|Pope Defends Priestly Celibacy; SNAP Responds
By Barbara Dorris
October 18, 2010
The Pope’s pronouncements on abuse are getting worse, not better. It’s heart-breaking to see the enormous gulf between what he says and what is needed grow wider and wider.
From a public relations perspective, the Pope deserves an “A” for his comments. From a pastoral and practical perspective, he deserves an “F.”
Using words like “recently” falsely suggests clergy sex crimes and cover ups are a relatively new problem. They are not.
Using the past tense falsely suggests such crimes and cover ups are behind us. They are not.
Using words that only mention predator priests falsely suggests they are the root of the crisis. They are not.
Using words that ignore the stunning recklessness, callousness and deceit by bishops falsely suggest that bishops are innocent in this mess. They are not.
Some Catholics say “It’s it a good thing that the Pope now at least is talking about abuse.” It is not. One can talk in ways that clear up a crisis or in ways that contribute to a crisis. The Pope is contributing to this crisis.
Tragically, while kids are being molested and crimes are being concealed, the Pope deliberately mischaracterizes and minimizes the wrongdoing of the church hierarchy, while passively sitting back waiting for the scandal to explode in yet another nation somewhere on the globe. With each passing day and every squandered opportunity, the Pope makes a horrific situation worse by refusing to take simple, proven steps to safeguard the vulnerable, heal the wounded and expose the truth.
(SNAP, the Survivors Network of those Abused by Priests, is the world’s oldest and largest support group for clergy abuse victims. We’ve been around for 22 years and have more than 9,000 members. Despite the word “priest” in our title, we have members who were molested by religious figures of all denominations, including nuns, rabbis, bishops, and Protestant ministers. Our website is SNAPnetwork.org)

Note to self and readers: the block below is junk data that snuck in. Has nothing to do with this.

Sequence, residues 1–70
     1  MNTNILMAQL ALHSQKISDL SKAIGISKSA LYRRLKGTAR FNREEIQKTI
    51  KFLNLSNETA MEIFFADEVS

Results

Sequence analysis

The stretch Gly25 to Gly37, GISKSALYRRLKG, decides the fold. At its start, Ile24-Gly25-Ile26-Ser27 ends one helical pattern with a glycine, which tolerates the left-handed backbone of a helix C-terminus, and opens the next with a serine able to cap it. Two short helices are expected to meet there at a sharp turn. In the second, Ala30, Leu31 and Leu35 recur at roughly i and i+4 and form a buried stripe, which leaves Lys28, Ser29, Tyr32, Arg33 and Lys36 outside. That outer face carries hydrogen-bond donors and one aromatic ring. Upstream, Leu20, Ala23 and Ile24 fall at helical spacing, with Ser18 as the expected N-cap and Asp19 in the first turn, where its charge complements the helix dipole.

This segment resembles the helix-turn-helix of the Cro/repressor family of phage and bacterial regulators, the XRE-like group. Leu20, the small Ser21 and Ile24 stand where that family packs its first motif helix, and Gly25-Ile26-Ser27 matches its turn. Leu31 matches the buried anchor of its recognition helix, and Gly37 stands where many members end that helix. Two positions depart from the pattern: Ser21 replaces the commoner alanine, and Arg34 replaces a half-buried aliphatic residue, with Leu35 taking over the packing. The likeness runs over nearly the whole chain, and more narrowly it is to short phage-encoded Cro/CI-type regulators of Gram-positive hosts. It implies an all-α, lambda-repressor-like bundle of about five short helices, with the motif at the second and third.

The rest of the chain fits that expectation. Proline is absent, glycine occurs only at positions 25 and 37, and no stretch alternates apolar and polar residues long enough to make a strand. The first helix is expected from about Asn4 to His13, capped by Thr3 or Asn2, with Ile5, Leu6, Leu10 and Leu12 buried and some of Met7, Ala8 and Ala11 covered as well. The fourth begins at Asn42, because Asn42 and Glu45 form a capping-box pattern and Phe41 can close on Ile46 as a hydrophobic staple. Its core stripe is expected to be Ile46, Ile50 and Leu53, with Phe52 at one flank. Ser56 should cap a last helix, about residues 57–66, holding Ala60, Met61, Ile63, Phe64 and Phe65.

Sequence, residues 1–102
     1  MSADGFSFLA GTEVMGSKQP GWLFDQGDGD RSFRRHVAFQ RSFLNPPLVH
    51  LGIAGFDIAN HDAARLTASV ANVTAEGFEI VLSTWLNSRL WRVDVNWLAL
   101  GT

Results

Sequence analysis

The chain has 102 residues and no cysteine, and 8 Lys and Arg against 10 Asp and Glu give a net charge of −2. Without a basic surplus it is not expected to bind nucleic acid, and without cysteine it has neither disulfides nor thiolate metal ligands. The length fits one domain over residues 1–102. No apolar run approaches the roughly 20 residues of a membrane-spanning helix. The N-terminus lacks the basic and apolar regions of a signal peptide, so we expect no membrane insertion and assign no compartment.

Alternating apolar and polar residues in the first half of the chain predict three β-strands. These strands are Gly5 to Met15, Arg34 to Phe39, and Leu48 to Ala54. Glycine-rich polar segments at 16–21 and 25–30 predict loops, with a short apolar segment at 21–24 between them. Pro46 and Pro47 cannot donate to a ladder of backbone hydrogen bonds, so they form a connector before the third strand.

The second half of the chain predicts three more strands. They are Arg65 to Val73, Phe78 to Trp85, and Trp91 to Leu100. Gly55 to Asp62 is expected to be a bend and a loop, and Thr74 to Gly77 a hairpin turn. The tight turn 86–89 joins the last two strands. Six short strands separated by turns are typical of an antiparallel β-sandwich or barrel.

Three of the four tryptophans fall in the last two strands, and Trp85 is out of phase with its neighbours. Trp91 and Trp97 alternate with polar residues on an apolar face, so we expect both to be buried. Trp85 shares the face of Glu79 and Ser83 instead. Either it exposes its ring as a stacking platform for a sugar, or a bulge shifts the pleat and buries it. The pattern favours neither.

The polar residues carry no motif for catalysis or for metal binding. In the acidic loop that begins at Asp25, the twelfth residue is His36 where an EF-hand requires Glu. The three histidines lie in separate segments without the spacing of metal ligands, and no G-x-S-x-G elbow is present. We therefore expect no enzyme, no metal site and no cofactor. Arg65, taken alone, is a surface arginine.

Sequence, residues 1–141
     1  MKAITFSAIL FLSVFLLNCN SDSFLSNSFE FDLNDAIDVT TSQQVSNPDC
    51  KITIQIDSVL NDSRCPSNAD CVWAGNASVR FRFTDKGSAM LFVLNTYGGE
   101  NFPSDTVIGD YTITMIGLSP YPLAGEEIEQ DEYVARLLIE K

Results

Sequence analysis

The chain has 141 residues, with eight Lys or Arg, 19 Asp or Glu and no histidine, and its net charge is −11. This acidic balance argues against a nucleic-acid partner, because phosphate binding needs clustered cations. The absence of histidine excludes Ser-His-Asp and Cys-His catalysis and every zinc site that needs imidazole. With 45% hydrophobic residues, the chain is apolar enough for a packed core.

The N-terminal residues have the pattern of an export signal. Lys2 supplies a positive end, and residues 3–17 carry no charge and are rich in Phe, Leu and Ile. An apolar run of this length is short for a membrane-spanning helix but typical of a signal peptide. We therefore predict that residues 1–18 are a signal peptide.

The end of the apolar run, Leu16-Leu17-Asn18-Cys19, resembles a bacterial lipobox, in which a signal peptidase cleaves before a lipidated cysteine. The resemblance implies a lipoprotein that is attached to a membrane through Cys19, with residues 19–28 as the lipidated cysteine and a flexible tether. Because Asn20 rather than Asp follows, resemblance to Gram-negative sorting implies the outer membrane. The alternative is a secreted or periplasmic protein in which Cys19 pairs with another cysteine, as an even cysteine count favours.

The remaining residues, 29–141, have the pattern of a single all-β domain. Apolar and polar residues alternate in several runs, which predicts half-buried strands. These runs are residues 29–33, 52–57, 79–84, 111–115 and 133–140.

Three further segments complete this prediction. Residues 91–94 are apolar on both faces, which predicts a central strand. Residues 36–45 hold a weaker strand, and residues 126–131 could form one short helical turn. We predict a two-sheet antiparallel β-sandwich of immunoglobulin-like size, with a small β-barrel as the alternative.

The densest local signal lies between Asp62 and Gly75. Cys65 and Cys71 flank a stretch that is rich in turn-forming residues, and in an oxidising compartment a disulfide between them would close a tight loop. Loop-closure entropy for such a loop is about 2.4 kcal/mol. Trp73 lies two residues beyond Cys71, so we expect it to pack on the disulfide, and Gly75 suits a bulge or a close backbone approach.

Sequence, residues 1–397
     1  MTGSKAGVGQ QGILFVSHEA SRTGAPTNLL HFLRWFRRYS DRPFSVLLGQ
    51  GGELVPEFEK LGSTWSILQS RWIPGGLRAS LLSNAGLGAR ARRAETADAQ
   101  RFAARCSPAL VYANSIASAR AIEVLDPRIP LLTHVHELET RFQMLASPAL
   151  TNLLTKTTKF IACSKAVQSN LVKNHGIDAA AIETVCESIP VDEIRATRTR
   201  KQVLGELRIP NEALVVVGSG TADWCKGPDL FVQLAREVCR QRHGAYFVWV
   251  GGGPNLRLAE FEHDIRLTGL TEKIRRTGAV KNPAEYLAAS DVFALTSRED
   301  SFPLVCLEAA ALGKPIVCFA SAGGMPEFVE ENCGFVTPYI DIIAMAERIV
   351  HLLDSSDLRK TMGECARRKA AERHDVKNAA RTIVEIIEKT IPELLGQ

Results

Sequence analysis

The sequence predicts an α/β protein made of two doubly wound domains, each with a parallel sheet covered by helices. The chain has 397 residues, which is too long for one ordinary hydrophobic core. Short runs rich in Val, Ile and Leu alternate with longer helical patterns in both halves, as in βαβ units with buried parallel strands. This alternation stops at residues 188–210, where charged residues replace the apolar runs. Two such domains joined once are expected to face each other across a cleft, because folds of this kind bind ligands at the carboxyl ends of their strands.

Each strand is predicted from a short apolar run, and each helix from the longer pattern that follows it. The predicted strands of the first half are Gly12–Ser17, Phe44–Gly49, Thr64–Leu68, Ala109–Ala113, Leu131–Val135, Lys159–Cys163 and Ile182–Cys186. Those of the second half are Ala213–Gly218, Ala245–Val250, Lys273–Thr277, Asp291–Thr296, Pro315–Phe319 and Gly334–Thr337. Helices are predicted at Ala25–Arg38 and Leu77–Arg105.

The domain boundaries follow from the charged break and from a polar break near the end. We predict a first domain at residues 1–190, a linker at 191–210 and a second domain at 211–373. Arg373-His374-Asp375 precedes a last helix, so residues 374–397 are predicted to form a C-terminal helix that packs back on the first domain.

Contact David Clohessy (314-566-9790 cell, 314-645-5915 home, SNAPclohessy@aol.com), Barbara Blaine (312-399-4747, SNAPblaine@gmail.com), Peter Isely (414-429-7259, email@example.com), Barbara Dorris (314-862-7688 home, 314-503-0003 cell, SNAPdorris@gmail.com)
Pope defends priestly celibacy
The Associated Press - Monday, October 18, 2010; 7:41 AM
VATICAN CITY -- Pope Benedict XVI has defended the celibate priesthood, saying that while abusive priests have caused shameful damage they can't discredit the priestly mission, which "remains great and pure."
The Vatican on Monday released a letter from the pope to seminarians again expressing "profound shame and regret" for the sexual abuse scandal that has rocked the global Roman Catholic church.
He said that "thank God, all of us know exemplary priests" who have chosen a life of celibacy.
Some have questioned whether celibacy is in part to blame, but the Vatican insists celibacy isn't responsible.
Recently two bishops from the scandal-hit Belgian church openly questioned the celibacy requirement.
Pope regrets pain of priestly child abuse
BY AGENCE FRANCE PRESSE
VATICAN CITY, Oct 18 - Pope John Paul II expressed "deep pain" and regret for the "destruction" caused by priests' child abuse Monday, while insisting on the rule of clergy celibacy.
In a letter addressed to trainee priests, the pope said that it had emerged "recently" that "priests have deformed their ministry by the sexual abuse of children and young people."
"Instead of leading people towards a mature humanity and setting an example they have caused, through their abuses, destruction for which we feel deep pain and deep regret," he added.
Acknowledging that in the face of such abuse the question might be asked whether "a life of celibacy is reasonable", the pope said that abuses "cannot discredit the priestly mission, which remains great and pure."
He held up as examples "priests filled with faith who bear witness that in a life of celibacy one can attain a true, pure and mature humanity."
But he warned the abuse scandals should make would-be priests to be more vigilant, and to ask themselves carefully about their vocation.
Paedophile priest scandals and allegations of high-level cover-ups that swept Australia and the United States in 2004 have surged again since last year and rocked the Roman Catholic Church.
The new wave of scandals began in Ireland last November with revelations of widespread abuse, in many cases stretching back decades, then spread to the pope's native Germany, Belgium, Austria, United States, Brazil and other countries.
The pope himself has faced allegations that, as archbishop of Munich and later as the head of a powerful Vatican body, he helped to protect predator priests.
On his visit to Britain last month he admitted the Church had failed to act quickly enough to stamp out the menace.
But groups of abuse sufferers complain that his expressions of sorrow are not enough to make amends.
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